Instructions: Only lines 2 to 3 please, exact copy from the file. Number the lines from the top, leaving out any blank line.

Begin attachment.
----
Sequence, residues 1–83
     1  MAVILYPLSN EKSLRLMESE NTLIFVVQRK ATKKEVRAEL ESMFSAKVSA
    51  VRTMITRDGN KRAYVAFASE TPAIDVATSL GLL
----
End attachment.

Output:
     1  MAVILYPLSN EKSLRLMESE NTLIFVVQRK ATKKEVRAEL ESMFSAKVSA
    51  VRTMITRDGN KRAYVAFASE TPAIDVATSL GLL